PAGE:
[2] For more on our courtship, see “A single red rose” in Archives, December 2014.

[3] Genesis 2:18-24

[4] Galatians 5:22-23

[5] Romans 5:1-11

[6] 1 John 3:18

Perseverance

We’ve had a rough winter here in metro Atlanta. Ten inches of snow in December, another 2-inch “dusting” in January plus a week-long string of high temperatures in the 30’s and lows in the teens and 20’s. We also awoke to single-digit wind chill readings on multiple occasions. Brrr!! I realize some of you may be perusing this from places where you experience long winters accompanied by plenty of snow and frigid temps every year. Thirty-seven degrees would feel like a welcome heat wave. But, after 25 years, this Delaware-transplant has more than acclimated to milder winters and is ready for the beginning of another Southern Spring!

IMG_0420After several days of near-average weather, a cold front blew in late yesterday, resulting in another brisker-than-usual day today. Nonetheless the sky was that brilliant blue that beckons me outside so I bundled up and went for a stroll through my neighborhood, praising God for the warm sun and glorious cerulean canopy. When I returned home, I just had to walk the property. Even though we’ve had an extra-cold couple of months, I wanted to see what signs of life I might be ableIMG_5078 to find. I wasn’t disappointed. My witch hazel is in full bloom, buds are ready to open any day on a number of Lenten roses and foliage of early daffodils has poked up through the soil.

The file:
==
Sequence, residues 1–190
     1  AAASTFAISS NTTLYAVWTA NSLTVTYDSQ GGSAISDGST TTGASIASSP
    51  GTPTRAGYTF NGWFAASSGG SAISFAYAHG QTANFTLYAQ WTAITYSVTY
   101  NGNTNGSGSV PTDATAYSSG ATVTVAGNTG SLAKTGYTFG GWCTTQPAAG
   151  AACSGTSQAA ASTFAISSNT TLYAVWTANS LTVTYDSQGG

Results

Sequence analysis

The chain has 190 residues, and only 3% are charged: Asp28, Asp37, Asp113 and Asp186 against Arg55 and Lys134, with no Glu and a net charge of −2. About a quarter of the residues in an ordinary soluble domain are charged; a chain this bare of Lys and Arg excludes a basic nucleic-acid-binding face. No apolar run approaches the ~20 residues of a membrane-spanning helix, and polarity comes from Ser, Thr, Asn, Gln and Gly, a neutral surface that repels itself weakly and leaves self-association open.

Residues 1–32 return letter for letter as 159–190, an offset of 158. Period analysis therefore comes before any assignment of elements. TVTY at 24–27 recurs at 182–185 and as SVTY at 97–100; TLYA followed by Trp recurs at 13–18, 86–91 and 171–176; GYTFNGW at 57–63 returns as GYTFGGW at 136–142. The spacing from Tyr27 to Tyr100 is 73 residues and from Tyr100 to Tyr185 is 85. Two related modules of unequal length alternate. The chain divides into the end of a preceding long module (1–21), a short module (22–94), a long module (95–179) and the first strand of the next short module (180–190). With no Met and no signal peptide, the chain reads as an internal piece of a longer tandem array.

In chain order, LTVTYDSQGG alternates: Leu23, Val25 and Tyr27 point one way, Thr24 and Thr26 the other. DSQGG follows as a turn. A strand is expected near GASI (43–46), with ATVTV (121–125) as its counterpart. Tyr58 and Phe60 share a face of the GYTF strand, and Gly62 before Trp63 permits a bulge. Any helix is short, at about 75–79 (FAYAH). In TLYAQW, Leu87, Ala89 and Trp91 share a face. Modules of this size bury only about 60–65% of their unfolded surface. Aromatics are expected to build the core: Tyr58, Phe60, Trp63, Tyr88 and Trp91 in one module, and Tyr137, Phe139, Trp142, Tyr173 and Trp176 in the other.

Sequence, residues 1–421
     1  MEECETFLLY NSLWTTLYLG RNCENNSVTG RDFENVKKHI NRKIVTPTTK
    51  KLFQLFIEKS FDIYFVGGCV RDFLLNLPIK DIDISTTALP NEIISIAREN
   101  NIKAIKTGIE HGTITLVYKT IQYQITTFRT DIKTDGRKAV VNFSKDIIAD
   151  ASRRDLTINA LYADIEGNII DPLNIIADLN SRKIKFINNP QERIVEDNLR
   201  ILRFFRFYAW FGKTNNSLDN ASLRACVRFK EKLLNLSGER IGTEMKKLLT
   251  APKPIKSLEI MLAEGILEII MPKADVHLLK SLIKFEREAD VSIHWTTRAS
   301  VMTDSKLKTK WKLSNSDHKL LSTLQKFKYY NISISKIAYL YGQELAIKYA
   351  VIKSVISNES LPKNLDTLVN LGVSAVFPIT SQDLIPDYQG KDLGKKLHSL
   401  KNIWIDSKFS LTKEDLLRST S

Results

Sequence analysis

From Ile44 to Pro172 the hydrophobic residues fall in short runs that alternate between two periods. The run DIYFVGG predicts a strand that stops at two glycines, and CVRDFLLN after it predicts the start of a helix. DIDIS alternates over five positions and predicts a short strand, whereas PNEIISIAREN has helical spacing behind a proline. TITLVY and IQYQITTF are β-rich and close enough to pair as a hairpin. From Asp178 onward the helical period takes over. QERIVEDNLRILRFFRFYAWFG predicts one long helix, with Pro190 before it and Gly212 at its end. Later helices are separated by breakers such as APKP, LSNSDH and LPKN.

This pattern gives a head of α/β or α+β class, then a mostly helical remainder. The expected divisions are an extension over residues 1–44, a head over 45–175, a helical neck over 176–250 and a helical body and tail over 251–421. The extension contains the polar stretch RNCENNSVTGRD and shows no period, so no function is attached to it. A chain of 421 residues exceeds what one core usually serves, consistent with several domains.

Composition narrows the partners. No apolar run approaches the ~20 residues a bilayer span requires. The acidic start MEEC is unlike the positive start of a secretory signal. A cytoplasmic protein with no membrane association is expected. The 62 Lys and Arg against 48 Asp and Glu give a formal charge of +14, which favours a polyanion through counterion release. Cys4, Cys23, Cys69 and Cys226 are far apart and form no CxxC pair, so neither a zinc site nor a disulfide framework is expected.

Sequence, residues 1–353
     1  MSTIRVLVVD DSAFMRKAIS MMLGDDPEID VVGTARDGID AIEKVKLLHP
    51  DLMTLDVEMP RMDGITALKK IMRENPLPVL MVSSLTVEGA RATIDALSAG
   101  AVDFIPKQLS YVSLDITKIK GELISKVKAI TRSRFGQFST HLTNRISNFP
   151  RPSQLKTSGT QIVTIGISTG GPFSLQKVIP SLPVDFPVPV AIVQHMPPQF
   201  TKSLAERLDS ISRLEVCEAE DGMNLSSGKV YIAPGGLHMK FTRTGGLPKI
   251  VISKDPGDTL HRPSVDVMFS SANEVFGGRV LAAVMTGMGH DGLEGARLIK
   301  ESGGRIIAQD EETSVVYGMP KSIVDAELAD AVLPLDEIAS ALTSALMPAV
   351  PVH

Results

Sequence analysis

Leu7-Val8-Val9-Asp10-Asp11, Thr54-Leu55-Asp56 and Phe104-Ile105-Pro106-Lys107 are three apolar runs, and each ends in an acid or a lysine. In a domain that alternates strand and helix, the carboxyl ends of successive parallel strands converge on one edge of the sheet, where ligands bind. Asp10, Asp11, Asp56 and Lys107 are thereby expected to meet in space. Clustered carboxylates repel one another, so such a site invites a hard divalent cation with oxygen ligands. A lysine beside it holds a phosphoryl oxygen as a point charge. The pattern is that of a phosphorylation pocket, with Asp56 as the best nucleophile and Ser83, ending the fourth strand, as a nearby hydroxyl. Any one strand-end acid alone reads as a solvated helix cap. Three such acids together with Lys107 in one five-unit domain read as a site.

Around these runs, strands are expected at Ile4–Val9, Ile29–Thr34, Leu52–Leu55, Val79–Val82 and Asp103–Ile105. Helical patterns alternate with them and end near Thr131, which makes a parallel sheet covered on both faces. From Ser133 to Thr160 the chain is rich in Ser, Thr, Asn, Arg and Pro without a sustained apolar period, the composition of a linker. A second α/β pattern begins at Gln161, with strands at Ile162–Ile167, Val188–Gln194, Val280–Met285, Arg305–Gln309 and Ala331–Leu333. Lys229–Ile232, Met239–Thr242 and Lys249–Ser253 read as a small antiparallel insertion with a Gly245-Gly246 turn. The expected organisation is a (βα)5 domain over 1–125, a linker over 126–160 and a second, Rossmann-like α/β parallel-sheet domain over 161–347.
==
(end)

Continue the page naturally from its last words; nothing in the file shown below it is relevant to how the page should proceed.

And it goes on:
These sightings brought a smile to my face, but what I found when I carefully moved the leaves back from the locations of some spring ephemerals elicited squeals of delight. Yes, if anyone had been close IMG_5133enough, they would have overheard several exclamations of, “Oh, yay! Thanks, Lord!!”, as I discovered the tiniest evidence of returning trilliums and trout lilies, their miniscule leaves barely protruding above the soil. I gently replaced their leafy blanket, buoyed by the anticipation of seeing them in all their glory in a few weeks.

And I was reminded of another late-winter day nearly 20 years ago when my heart was anything but light. I’d ventured out to start clearing the leaves from the planting beds, a task my husband would normally have performed. But, as I was gradually coming to accept, that and so many of his previous responsibilities shifted to me after a heart attack felled him suddenly a mere two months after his 39th birthday the year before. Grief and reality intermingled and permeated my soul. Nonetheless, just like today, when I moved the leaves, I saw tiny perennials popping up – plants that Ray had acquired and cared for. Seeing them gave me hope. If those tiny plants could survive the cold, dark winter, maybe I would survive mine as well.[1]